2.) Automation will allow capital to increase while hiring very few workers. Tyler Cowen, an economist of a very different bent, has also claimed that inequality in America will explode bifurcating society into a small segment of prosperous individuals, and a majority of people living precarious lives in Mexican-style poverty. He makes his case using automation, without even considering the above arguments.

Put all of these together, and it's pretty obvious that the diamond-shaped social structure of the past is gone, and we are returning to the pyramid-shaped repressive social system where most people have very little chance of having a decent life aside from a lucky few. As the wealthy and powerful become even wealthier, they gain control over the political process to enhance their wealth and power even further. Already plutocrats are floating the idea of allocating votes based on wealth, and they're not joking. It's a runaway process with no end in sight.


  1. So? So? What's to be done? Money is a human construct -- if it concentrates wealth in a small percentage of over-aggressive people and their heirs, then let's change money! I mean, what an idea... everybody acts like money is immutable.

    1. How will changing money prevent over-aggressive people from getting what they want? Money is not the problem – humans are.

    2. Well, yes, but "humans" are not the problem: the overagressive people are.

      The thing about money is... anyone can create it. And we (the rest of us) can create a different kind of money, the kind that does not funnel wealth directly to them, but keeps it among us. Would be a step in the right direction, no?

    3. Sadly, Dr. Zoidberg is correct. It's really ownership of assets that is the problem, whether you use money, land or stocks. In the ancient empires the same thing happened with land-it became concentrated into the hands of the powerful,leaving most people landless and hopeless. Pliny claimed just five people owned all of North Africa. Of course, we know what happened there - desiccation, abandonment and eventual political collapse.

    4. Vera, and how long will that work before somebody finds other ways to exploit others?

      And how come only over-aggressive people are the problem? Aren't we, the submissive masses, part of the problem, too? We are willing to do (and put up with) almost anything as long as we feel that we are part of something bigger, something important, something more permanent, and as long as we feel compensated. We play into the hands of those people. And aren't many of us eager to become wealthy? Given the chance, wouldn't we accumulate as much wealth as we could?

      So let's agree to disagree. Because of my pessimism and/or poor imagination, I can't see any hope for a just and egalitarian life.

    5. "From the crooked timber of humanity nothing straight was ever made." said Kant.

      However, and I always like to remind people of this fact, if you put aside Utopian notions you can look at the fact that income inequality actually decreased from the Great Depression to the mid-1970's, and the amount of wealth controlled by the rich actually declined during that period as well. So there is historical precedent. In fact, that is one of the only times in human history where that has occurred. Now, there was still poverty during that time, and there were still plenty of problems (the turbulent 1960's was during that peoriod), so it wasn't some utopian ideal, but you did not have the pervasive sense of hoplessness, decay and despair that you see today everywhere.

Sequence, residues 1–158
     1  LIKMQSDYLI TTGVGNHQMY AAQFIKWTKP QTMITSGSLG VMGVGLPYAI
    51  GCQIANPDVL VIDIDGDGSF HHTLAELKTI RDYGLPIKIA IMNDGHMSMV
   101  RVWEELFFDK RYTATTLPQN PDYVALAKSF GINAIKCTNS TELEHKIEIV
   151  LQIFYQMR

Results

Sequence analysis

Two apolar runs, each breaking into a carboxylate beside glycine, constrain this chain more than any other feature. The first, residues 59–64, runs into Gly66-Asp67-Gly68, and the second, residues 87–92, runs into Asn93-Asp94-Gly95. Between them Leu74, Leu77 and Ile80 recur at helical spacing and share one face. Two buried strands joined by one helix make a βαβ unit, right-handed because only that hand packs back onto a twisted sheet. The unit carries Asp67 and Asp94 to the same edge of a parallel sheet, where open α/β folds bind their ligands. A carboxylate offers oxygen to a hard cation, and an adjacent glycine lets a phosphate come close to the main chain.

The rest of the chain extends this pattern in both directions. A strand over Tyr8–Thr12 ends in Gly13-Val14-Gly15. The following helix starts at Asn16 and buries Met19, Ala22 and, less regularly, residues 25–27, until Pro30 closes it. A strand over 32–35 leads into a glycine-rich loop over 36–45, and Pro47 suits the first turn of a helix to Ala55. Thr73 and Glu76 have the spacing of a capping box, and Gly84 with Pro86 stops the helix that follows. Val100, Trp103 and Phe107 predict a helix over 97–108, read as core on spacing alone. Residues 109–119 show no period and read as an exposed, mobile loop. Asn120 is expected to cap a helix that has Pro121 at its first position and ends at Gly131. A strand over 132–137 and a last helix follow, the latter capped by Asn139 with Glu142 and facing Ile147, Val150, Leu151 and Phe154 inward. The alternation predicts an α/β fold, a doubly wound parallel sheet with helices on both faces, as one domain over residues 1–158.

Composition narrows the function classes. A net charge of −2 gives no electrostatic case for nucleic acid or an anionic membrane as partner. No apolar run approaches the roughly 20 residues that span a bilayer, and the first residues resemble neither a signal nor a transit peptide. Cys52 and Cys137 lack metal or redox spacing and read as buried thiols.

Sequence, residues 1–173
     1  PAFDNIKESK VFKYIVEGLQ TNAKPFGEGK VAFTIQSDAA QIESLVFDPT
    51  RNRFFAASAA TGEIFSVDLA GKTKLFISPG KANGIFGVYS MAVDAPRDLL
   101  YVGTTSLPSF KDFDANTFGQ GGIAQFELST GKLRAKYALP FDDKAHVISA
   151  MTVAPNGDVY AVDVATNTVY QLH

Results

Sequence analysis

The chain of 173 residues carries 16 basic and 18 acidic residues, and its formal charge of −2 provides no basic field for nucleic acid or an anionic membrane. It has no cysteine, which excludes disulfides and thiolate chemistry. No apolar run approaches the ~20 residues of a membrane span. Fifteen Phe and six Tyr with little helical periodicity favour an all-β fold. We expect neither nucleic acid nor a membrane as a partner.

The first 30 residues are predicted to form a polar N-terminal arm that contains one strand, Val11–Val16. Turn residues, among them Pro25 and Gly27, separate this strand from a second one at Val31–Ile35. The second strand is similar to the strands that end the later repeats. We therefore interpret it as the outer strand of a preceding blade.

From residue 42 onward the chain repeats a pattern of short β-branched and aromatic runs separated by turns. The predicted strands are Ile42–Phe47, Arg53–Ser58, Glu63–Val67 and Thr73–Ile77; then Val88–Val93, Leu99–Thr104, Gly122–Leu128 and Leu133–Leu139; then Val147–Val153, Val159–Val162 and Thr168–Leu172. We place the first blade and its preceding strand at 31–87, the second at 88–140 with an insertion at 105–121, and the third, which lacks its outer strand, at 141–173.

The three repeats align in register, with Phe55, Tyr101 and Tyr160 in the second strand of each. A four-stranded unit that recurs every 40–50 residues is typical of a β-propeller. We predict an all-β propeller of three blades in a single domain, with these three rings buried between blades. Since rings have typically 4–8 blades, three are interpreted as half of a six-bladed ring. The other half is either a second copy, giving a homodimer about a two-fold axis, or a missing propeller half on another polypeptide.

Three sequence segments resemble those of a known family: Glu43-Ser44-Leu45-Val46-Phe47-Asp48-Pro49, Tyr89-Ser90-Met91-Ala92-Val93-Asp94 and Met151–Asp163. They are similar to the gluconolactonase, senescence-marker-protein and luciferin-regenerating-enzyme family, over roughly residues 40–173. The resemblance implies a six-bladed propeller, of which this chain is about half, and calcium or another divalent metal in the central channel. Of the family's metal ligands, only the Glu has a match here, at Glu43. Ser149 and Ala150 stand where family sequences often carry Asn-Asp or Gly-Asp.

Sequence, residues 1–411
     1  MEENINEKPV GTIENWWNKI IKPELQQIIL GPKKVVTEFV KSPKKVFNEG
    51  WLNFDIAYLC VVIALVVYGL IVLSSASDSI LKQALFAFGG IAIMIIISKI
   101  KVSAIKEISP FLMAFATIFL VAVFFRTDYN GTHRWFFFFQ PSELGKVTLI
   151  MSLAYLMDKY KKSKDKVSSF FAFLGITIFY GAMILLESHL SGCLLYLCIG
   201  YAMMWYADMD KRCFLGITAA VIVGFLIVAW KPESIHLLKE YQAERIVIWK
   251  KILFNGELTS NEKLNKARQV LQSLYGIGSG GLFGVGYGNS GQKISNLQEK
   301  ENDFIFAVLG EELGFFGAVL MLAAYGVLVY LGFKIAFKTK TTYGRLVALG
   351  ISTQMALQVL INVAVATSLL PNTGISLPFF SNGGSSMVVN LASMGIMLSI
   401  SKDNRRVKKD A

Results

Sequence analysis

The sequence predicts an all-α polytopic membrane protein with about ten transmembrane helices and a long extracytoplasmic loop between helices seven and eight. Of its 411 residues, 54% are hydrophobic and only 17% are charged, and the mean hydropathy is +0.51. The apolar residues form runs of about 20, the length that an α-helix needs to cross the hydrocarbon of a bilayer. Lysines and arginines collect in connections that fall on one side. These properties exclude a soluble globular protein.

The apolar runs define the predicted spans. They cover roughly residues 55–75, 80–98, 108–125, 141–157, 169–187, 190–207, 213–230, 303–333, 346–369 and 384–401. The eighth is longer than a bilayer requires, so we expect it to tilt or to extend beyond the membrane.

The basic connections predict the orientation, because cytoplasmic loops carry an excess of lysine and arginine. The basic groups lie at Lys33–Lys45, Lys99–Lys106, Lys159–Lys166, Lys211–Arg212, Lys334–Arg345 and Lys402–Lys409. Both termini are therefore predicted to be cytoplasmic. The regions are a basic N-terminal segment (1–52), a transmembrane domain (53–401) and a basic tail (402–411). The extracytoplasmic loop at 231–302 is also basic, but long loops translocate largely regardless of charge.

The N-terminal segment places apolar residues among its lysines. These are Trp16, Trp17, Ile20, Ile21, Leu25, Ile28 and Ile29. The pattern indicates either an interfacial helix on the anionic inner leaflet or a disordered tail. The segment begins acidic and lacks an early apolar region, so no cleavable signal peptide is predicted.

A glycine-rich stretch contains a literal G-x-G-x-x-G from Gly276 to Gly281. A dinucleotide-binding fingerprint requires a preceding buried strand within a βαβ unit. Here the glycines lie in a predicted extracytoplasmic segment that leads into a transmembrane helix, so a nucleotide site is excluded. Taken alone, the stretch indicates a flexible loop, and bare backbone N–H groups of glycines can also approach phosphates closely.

So, it seems to me that if you want a more equitable society, you need to look at that period and see how it came to be. Then, you can do the It also seems to me that if you look at egalitarian societies and what makes them work,

      Note that in both cases, this was not caused by libertarian antigovernment philosophy. Scandinavia has very generous government welfare systems. The same is true for the New Deal. In fact, I know of no real-world instance, aside from abstract theory, where libertarian philosophy has promoted stronger societies and greater equality (as opposed to greater fortunes for the wealthy and more miserable workers). In fact, there are numerous real-world examples where it has done the exact opposite, from the Robber Baron era in America to present-day Latin America and the Middle East.

      So if you look at what makes better - not perfect- societies in the real world, you have a toolkit as to how to help bring that about. What's unfortunate is that the rich have studied this as well, and have taken all the necessary countermeasures (most notably control over the media and divide-and-conquer). As Ian Wlesh put it:

      "Political decisions are important: in 1929 Hoover, the Fed, and later FDR did not bail out the rich. They were allowed to lose their money, and thus much of their power. That was a decision: another decision could have been made, and in 2008 it was made: the rich were bailed out. It was made differently in 2008 because the rich have spent the last 80 odd years obsessing over what went wrong in 1929 that allowed FDR, the New Deal and everything which flowed from it. Ben Bernanke’s entire career was “how do we make sure the rich don’t lose their money so that FDR doesn’t happen.” He was chosen to be the Fed Chairman precisely to ensure that the next Great Crash, which everyone who wasn't an idiot knew was coming, wouldn't wipe out the rich."

  2. ”Life's a piece of shit / When you look at it …”